First fire of the season. I’ve seen a lot of those posts on Facebook this week as the thermometer has taken that first plunge below the freezing mark.

Not me. I’ve been burning wood, off and on, for a month now. I love an open fire.

The evolution of the fireplace is pretty interesting, just in my lifetime, and I know people almost twice as old as me. Well, maybe not quite that old, but I’m still a spring chicken compared to some.

If you take a ride through Porterdale you will notice that all those mill village houses have chimneys. The one I was raised in has two. But I bet few, if any, of them have working fireplaces. Virtually all of them, I am certain, have been enclosed. Some may still have a circle in the enclosure covered up with a round sheet of metal with flowers or butterflies or a picture of Jesus. Many have been bricked up.

You see, there was time when an open fireplace was not romantic, nor did it provide ambience. It was just a hard and often dirty way to heat a home.

A lot of people burned coal. Some, like my Mama Ellis, had stoves they burned the coal in. Others of us placed it right on a little grate in the fireplace — just like Bob Cratchit. It didn’t burn particularly clean, but it burned hot. Mama would always be scrubbing our walls to get the coal soot off, and hauling out the ashes and hauling in the coal itself was a chore to which I was assigned.

I celebrated when we closed in our fireplace, except for the flu hole, and bought a gas space heater. When I was 12, we moved “across the river” into a house with a floor furnace. We were in high cotton, then.

But when I married and my lovely wife, Lisa, and I set up housekeeping in our first home, we had to have a fireplace. We burned wood, not coal.

The wood was not hard to come by. My wife’s family lived on several hundred acres of woods and pasture land and there were always plenty of dead trees to work up, which we did the old-fashioned way — with an axe, a wedge and a sledge hammer.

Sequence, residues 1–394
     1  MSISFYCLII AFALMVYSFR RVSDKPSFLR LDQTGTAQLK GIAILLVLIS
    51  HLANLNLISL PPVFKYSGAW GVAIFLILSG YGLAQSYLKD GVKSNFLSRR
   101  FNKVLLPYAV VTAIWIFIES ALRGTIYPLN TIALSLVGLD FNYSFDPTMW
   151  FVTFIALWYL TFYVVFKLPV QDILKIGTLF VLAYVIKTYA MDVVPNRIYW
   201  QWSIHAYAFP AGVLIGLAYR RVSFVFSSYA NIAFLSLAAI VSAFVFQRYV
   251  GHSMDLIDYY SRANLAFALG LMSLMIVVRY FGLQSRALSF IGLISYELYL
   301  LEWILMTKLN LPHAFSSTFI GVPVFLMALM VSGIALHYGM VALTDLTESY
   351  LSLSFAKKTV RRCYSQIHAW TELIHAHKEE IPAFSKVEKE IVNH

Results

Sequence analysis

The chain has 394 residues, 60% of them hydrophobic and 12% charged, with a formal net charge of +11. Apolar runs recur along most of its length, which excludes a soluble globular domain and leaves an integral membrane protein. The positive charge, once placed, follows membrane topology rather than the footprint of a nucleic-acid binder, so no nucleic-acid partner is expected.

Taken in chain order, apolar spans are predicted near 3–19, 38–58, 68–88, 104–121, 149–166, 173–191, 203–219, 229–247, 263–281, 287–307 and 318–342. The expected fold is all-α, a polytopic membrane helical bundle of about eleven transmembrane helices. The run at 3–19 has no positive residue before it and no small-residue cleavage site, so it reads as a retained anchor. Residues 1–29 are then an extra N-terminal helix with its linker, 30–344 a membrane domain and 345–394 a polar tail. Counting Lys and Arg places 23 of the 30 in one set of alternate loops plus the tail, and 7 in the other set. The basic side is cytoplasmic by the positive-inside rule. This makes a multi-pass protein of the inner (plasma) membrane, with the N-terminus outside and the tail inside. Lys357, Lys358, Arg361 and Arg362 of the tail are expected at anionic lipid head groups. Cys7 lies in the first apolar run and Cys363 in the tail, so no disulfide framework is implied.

One autumn I got tired of swinging an axe and rented a log-splitter. My father-in-law, who was much a man, understand, poo-pooed the notion of a hydraulic machine replacing muscle and sinew. Then he watched my buddy and me split a season’s worth of wood in a couple of hours. By the time the next autumn had rolled around we had gone together and bought our own log splitter.

Honesty compels me to admit that I do not split wood anymore. My friend Hermon does, though, and I am thankful that he still sells it to me at a fair price, because I keep a fire going all winter when I am at home.

You know, most people don’t. I guess it’s just too much work, acquiring the wood, keeping it dry, bringing it in the house and carrying out the ashes. To me it’s worth it. To a lot of folks, it isn’t.

I know a lot of people, though — my own children included — who have nice brick or stone fireplaces in their homes but have installed gas logs. They make some very realistic gas logs these days, and I’ve seen some that look so real you’d almost swear there was gray ash falling from them. They even come with remote controls.

No muss, no fuss. Just press a button or turn a knob and presto! You have the warmth and beauty of a wood fire with none of the work. You can probably make Alexis or Siri turn on your fireplace for you if you are smart enough with modern technology.

But that’s for young folks. I’m still going to build my fire every morning and tend it all day and keep the ashes hot and build it up again at night, all winter long. When Lisa fusses at me about the bed of ashes getting out of control, I’ll scoop them up and take them outside and dump them on the garden to help prep the ground for next spring.

When Sir Henley the Adorable comes over to spend the weekend with Papa, we will still break out the wire coat hangers and marshmallows and read Uncle Remus stories by firelight. We might even spread our sleeping bags out and sleep in front of the fire. You can do that with gas logs, but it just isn’t quite the same.

Nothing is, is it?

And somehow, I just don’t think my portrait of Robert E. Lee would look quite right hanging over a set of gas logs.

Selah.

Darrell Huckaby is an author in Rockdale County. Email him at dhuck008@gmail.com.